Kai Lords Painting Guide

Very nice! But what about the eyes?

Interestingly, I usually make a wash before I drybush, not the other way around. There are many different ways to paint a mini; I encourage newcomers to experiment till they find the one(s) that work best for them (cause there is not *the* way to do it).
 

mthomason

Mongoose
I never do the eyes if I can help it :)

I find the shading of the wash on the face works nicely to give shadow around the eyes, so it looks fine for battlefield use. Presentation-quality models are another matter (and get their eyes done), but I tend to spend a good couple of hours on those. These three I did in under an hour if you ignore the time spend waiting for each stage to dry, and were aimed more at the "I dunno where to start, gimme a painting guide" people :)
 

mthomason

Mongoose
But for reference - eyes:

Using a pinhead barely touched with white paint, add a teeny blob in each eye. Then when it's dry, add a thin black line at the top of the blob, and a slightly thicker descending line from that (to get a T shape). Not sure my camera can work that close, but if so I'll try and add that step tomorrow.

While we're at it - anyone else got any tips for eyes? :)
 

mthomason

Mongoose
Confused Wolf said:
I usually make a wash before I drybush, not the other way around.

I'll have to give that a try... might help prevent the base coat from flaking away on pointy edges when I drybrush if there's a wash over the top of it... thanks :)
 
mthomason said:
Confused Wolf said:
I usually make a wash before I drybush, not the other way around.

I'll have to give that a try... might help prevent the base coat from flaking away on pointy edges when I drybrush if there's a wash over the top of it... thanks :)

What I said for painting newbies applies to everyone, of course: experiment! Maybe it will work out for you, or maybe not. I'll have to try it the other way around, too.

One of the reasons I like making a wash (or washes) early in the painting process is that the thinned paint easily slips to where it doesn't belong (e.g. flesh wash onto the clothes)... :oops:


Once again: I very nice painting guide. Thanks for offering it to us! :D
 

mthomason

Mongoose
Confused Wolf said:
One of the reasons I like making a wash (or washes) early in the painting process is that the thinned paint easily slips to where it doesn't belong (e.g. flesh wash onto the clothes)... :oops:

Now I have more control over my washes than my drybrushing - its the drybrushing tends to get over the edges and then the wash that covers the mistake for me :lol:
 

mthomason

Mongoose
Okay, final picture updated with one that has something like the real colours :) Plus the figures have now been varnished.
 

Winter Wolf

Mongoose
That's a great guide Matt well done!

I'm glad someone has put together a guide for any newbies who are tempted to paint but unsure of themselves.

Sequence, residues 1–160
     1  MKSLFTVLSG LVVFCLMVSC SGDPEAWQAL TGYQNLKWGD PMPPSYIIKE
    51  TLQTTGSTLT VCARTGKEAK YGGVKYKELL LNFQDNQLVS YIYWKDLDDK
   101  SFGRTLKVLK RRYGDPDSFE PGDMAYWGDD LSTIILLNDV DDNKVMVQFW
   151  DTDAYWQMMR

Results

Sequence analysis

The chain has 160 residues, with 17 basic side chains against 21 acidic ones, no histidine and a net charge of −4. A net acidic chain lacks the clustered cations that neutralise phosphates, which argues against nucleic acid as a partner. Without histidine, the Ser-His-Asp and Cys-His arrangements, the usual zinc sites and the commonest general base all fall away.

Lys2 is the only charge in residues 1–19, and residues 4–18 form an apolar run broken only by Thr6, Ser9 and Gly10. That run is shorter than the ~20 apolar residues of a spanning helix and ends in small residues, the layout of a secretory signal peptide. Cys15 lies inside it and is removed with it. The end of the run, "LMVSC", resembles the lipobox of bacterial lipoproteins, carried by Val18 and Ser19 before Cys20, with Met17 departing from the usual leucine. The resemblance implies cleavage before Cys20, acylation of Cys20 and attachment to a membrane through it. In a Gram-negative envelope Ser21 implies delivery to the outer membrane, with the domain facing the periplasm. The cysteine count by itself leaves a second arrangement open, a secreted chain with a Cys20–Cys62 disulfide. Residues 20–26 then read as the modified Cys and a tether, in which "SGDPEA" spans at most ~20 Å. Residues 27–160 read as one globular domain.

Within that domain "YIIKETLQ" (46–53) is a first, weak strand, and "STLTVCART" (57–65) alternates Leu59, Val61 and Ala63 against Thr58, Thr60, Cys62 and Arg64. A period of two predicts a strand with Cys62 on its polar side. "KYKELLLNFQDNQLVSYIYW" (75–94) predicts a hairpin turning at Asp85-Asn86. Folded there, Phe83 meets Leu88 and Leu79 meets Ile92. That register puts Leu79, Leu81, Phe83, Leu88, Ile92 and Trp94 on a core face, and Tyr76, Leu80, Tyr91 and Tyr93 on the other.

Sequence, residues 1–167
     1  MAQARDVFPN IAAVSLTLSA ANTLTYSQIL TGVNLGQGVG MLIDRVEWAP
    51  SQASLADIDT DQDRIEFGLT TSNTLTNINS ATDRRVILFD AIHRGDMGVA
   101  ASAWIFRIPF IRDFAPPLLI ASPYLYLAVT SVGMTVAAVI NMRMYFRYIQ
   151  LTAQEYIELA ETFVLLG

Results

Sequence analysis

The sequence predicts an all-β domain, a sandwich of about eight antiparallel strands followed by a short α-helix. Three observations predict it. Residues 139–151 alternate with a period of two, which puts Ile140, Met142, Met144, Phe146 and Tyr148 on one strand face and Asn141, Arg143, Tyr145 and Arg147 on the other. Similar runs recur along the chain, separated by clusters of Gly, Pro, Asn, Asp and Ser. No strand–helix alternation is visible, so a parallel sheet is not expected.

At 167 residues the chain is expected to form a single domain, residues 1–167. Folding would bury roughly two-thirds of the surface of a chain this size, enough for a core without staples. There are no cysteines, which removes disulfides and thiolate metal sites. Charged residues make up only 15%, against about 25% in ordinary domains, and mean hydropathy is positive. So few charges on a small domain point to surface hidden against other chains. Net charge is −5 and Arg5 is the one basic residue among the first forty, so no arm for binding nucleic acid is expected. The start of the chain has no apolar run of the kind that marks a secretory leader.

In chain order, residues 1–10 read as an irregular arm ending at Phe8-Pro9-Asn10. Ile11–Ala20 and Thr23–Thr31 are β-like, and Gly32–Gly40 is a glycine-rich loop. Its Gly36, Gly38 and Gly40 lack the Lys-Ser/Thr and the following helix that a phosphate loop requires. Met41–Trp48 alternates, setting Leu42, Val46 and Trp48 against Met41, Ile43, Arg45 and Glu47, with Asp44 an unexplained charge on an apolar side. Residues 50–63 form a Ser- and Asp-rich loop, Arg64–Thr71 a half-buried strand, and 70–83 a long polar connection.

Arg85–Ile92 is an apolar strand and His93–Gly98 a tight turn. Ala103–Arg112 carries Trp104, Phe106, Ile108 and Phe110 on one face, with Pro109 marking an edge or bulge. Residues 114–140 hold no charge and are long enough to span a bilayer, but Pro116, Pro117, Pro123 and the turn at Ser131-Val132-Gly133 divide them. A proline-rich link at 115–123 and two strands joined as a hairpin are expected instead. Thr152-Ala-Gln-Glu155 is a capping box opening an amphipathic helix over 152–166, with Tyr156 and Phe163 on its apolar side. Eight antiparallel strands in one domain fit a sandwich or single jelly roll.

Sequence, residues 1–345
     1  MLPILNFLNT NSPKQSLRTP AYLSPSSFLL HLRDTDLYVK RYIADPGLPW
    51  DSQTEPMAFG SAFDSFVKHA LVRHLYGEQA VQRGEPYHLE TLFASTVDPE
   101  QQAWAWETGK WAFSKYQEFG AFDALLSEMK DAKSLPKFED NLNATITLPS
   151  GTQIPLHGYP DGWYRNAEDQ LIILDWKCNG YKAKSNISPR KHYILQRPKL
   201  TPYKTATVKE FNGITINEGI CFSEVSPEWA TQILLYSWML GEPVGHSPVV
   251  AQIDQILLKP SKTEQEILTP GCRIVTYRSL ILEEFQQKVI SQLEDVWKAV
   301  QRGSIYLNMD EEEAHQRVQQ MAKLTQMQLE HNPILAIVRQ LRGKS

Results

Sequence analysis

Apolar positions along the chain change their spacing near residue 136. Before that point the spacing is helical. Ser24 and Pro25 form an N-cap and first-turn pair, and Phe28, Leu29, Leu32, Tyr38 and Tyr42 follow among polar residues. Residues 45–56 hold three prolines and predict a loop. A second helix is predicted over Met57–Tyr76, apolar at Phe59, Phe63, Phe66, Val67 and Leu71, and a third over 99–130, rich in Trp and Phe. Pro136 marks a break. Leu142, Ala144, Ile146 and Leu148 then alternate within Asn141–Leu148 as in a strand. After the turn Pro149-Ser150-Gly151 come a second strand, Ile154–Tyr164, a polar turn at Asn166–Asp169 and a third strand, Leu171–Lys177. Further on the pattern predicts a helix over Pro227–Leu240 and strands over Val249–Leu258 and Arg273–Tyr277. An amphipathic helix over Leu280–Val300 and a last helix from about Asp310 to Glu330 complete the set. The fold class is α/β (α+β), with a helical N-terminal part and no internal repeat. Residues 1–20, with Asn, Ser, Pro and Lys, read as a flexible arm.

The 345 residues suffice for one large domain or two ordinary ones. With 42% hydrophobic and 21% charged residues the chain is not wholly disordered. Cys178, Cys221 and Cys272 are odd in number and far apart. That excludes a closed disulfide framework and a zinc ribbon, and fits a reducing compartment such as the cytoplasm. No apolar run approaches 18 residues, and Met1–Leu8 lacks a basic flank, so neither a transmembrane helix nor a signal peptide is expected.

On the subject of I do this differently or that differently I have been experimenting a lot at the moment sometimes with good results and sometimes with not such good results. Generally I paint on a black undercoat but I decided to paint my LW figs on a white undercoat. One of the main reasons was that during the winter months under artificial light I can hardly see anything on a black undercoat. So if anyone finds it's making them blind it may be worth trying a white undercoat or even dry brushing the model white on a black undercoat but more on this in a bit. The other reason for white is that it generates very bright colours.

One of the problems I find with a white undercoats is that if you miss any patches it's glaringly obvious. I have got around this by painting the recessed hard to reach parts of the figure black. This way I don't have to paint right into the deepest folds leaving it as shadow and saving me from getting paint on areas adjoining the crevasse. I guess a dry brush of white over a black undercoat would have the same effect but I haven't tried it.

Sometimes I apply a wash before dry brushing or highlighting and sometimes afterwards if I want to tone down the highlights. Sometimes I don't high light at all and just use a bright colour followed by a wash. This is my preferred method for making something look leathery.

Eyes! aarrgghh I have gone slightly mad of time trying to paint eyes I have had some success with it but I rarely bother now letting the wash do the work.

If I can get hold of a digital camera I'll try to get a few pictures of the minis I have done maybe I can stick them in a gallery over on the tower of the sun...

Once again, nice work Matt. :D
 

mthomason

Mongoose
Winter Wolf said:
Generally I paint on a black undercoat but I decided to paint my LW figs on a white undercoat. One of the main reasons was that during the winter months under artificial light I can hardly see anything on a black undercoat.

I should have mentioned in there I use a daylight simulation bulb in the room and a second one on a desk lamp... :) I had a few problems tracking down somewhere to buy them from locally and ended up only being able to buy them in large quantities online, so I've just added them into stock so people can buy a daylight bulb when they come in for their books and minis :)
 
A

Anonymous

Guest
Sommerlendings are typically fair-haired. This can be done by giving the hair an undercoat of bubonic brown. After it has dried give it a wash with either snakebite leather or bestial brown. This should be watered down so it runs into the grooves whilst leaving the highpoints clear.
When that is dry you can give it a dry brush with bleached bone. This gives a good approximation of blonde hair. Adding a small amount of yellow to this last highlight can give different tones, usefull if you are painting several different models.
 
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